Create Your Own History Curriculum – Getting Started

Creating a custom history curriculum is not hard, it just requires a bit of planning.  I have enjoyed creating history courses for my children for more than 9 years starting in their elementary years and now through high school.    I’d love to share with you a few tips that will help make the process of putting a curriculum together much simpler and enjoyable.  Join me each day this week for a new helpful tip.

create history

Tip #1: Order Doesn’t Really Matter. Most homeschool history curriculums are organized into four main time periods: Ancient, Medieval, Renaissance/Reformation & Modern.  Geography & Culture studies are usually organized as a state/province and/or country study and a separate World Geography study. These time period delineations are helpful for planning, but don’t let them limit or restrict your history study goals. You don’t have to organize your history curriculum chronologically, especially at the elementary level. You can set the beginning and end of your studies anywhere along history’s timeline that you wish! If American history is where your children’s interests currently lie, then by all means, study it now! The other subjects will be there when you’re done.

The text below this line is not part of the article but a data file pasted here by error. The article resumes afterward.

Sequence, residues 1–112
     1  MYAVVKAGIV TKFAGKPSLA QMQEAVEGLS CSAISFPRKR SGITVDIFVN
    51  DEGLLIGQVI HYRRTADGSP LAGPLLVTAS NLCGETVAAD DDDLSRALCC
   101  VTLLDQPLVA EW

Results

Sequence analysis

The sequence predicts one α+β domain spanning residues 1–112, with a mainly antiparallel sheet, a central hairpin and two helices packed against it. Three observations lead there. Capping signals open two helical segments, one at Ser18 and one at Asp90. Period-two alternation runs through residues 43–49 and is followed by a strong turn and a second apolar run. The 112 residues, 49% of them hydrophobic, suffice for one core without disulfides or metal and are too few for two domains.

At the high school level, students generally study US History (or your country’s history), World Geography, World History and US Government. Again, order doesn’t matter, though it does make sense to put Government towards the end of high school when a student is closer to voting age.

TO DO:    *Look over the typical course of study outlines for social studies at World Book’s website. That can give you an overview idea of what history topics are studied at various grade levels. Remember, those are ‘typical’ courses of study – suggestions only.

* Narrow down the general time period that you would like to cover.   It’s okay to overlap into more than one ‘era’  or  choose to cover a smaller than normal time period.

For example, you could decide to cover US History from the Jamestown settlement to the end of the Civil War.

Tomorrow-  Survey or In depth?  What If I Miss Something?

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